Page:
Colorado · Day Trip · Denver · Eastern Colorado

February 2017: The Wild Animal Sanctuary

Our second Resolution Destination led us to take a walk on the wild side (yeah, we just said that). We were still feeling like staying a little bit closer to home was the smart thing to do, but we also wanted to do something a little more out of the ordinary and hopefully exciting. Corrie was talking to a friend one day and the conversation turned to The Wild Animal Sanctuary in Keenesburg, CO. After mentioning the conversation to Cameron, it became an easy choice for February’s  destination; neither of us had been before, it sounded exciting, and it supports a worthy cause (saving big cats and other predators from private collectors, circuses and failing zoos). So, we waited for the perfect, sunny, February day and ventured out to the plains.

Knowing how awesome we are to hang out with, we decided to share this month’s adventure and invited Corrie’s sister, brother-in-law, niece and nephew to join us. We thought the kids might have fun seeing all the large animals in their simulated natural habitats and Corrie was excited for Cameron to spend more time with her family. Admittedly, the day started out a little rocky with a brother-in-law who gets flustered over other people’s directions (picture sitting on the side of a highway on-ramp looking at Google Maps and lots of arm flailing). But we got past that speed bump and finally reached our intended destination.

We pulled into the large parking lot (no need to panic park here) and the first thing we noticed was the long, elevated walk way into the sanctuary’s habitats dubbed the “mile into the wild.” We learned that standing high above the animals keeps you out of their line of sight, allows them to act more naturally and eliminates the stress of having humans around. Apparently, unbeknownst to us at this time, acting naturally for these animals is to spend most of the daylight hours snoozing in the sun. We jumped out of the cars, got the kids settled into strollers with snacks and raced (and by race we mean walked leisurely) to the fronts doors to pay our admission fee. We couldn’t wait to get out on to the “mile into the wild” to start watching the animals running around, roaring and playing. We rushed through paying the admission (which is the donation that solely supports the sanctuary, so we were happy to pay), hurriedly used the restrooms, reveled in our excitement butterflies and…got stopped to watch a 10-minute mandatory video about the sanctuary and the animals. Buzz. Kill. But we guess it’s important to know how the mission started and how it continues to thrive, so we sat and endured. Some of us more patiently than others.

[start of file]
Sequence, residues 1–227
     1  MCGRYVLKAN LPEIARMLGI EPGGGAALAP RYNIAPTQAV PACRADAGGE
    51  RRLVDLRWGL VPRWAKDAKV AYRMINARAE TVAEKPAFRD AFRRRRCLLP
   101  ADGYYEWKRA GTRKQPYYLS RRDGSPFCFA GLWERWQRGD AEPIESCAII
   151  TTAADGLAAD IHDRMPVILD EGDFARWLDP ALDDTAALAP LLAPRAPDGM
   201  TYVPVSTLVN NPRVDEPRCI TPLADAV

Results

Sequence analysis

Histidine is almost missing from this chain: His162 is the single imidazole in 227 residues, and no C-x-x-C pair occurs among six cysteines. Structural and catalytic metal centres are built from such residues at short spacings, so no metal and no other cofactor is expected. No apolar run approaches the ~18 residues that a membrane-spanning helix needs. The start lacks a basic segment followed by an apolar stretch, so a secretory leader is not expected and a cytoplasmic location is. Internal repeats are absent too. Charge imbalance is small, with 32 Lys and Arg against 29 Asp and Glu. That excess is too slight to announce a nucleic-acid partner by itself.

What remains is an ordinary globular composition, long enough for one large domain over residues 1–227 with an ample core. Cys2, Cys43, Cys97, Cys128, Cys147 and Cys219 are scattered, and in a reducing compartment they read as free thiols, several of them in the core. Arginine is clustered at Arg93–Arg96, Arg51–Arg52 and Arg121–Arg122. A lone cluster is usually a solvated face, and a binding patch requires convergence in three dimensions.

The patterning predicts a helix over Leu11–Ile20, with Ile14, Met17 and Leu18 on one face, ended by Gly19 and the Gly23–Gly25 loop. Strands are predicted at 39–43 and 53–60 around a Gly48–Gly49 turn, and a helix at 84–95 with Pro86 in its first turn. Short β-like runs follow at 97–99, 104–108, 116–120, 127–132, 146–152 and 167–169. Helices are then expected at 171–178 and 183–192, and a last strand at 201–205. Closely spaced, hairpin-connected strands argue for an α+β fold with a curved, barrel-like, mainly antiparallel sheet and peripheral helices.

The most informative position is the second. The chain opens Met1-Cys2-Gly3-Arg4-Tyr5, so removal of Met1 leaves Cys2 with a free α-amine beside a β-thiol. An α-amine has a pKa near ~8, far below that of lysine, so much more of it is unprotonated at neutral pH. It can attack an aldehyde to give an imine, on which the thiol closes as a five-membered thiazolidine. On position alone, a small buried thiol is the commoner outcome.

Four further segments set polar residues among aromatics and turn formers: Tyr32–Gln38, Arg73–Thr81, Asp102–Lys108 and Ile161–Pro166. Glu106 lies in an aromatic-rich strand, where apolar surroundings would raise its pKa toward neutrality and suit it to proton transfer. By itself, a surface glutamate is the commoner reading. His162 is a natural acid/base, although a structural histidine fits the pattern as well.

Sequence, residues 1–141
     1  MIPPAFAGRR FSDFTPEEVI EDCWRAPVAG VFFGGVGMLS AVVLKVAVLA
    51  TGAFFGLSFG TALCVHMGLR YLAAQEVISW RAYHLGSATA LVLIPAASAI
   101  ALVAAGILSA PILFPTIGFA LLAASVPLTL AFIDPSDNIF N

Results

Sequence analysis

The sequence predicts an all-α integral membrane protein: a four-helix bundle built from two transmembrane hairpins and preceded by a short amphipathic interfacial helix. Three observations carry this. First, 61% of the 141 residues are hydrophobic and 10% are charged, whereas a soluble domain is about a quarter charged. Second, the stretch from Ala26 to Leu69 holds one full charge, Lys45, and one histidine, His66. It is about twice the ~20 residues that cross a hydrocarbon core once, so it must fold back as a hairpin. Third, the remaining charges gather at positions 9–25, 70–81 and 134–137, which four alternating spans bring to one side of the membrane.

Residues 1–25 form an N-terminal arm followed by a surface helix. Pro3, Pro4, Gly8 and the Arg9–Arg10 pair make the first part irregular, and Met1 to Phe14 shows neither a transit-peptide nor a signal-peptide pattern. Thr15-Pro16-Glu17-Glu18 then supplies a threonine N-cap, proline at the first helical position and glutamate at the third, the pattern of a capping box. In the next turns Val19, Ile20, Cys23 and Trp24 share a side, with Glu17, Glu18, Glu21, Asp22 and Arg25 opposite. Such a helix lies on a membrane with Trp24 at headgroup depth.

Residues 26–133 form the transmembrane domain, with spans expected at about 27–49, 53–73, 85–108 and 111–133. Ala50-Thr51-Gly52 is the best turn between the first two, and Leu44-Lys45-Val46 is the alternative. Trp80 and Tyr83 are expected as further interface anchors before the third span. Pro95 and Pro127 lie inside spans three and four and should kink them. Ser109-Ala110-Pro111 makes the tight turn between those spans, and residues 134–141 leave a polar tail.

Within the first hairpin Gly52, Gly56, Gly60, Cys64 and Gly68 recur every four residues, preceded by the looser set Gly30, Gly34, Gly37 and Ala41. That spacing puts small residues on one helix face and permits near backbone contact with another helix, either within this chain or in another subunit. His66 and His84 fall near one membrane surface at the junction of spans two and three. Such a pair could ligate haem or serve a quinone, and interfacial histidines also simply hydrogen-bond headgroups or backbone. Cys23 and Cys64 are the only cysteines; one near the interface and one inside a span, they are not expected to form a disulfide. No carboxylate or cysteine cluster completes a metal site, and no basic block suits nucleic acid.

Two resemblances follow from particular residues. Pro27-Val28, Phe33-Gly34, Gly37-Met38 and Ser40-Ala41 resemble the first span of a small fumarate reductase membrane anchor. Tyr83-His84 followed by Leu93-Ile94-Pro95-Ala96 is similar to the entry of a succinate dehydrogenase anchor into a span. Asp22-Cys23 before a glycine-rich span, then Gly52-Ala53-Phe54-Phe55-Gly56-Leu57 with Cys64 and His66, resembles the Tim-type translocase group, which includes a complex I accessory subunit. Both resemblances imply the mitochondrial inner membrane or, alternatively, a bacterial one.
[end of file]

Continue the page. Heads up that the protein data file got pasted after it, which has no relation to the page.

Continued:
Once the video ended, it was off to the animals. The sanctuary is set in the rolling grasslands of Colorado. If you ignore the snow-capped mountains to the west you can almost imagine that you’re on an African Plain – minus the lack of heat of course. And until we can afford a real African safari, this is a much easier destination to reach.

Feb 3
Sleeping pride of lions

As we wandered along the walkway we quickly discovered that we were in for a game of eye-spy as we stopped to admire foxes, coyotes, grizzly bears, lions and tigers; almost all of whom were napping peacefully.

It’s a good thing for Corrie that she brought along a man who likes to go full out dorky-tourist. As she watched Cameron stroll the walkway with the sun haloing him, wearing his oversized backpack (containing plenty of snacks, water and cold-weather layers) and sporting not one, but two pairs of binoculars around his neck, she couldn’t help but think to herself “damn, that’s my man! Mmmm mmm!” And secretly she was thankful he had the two pairs of binoculars so she too could spot the animals in the further away habitats.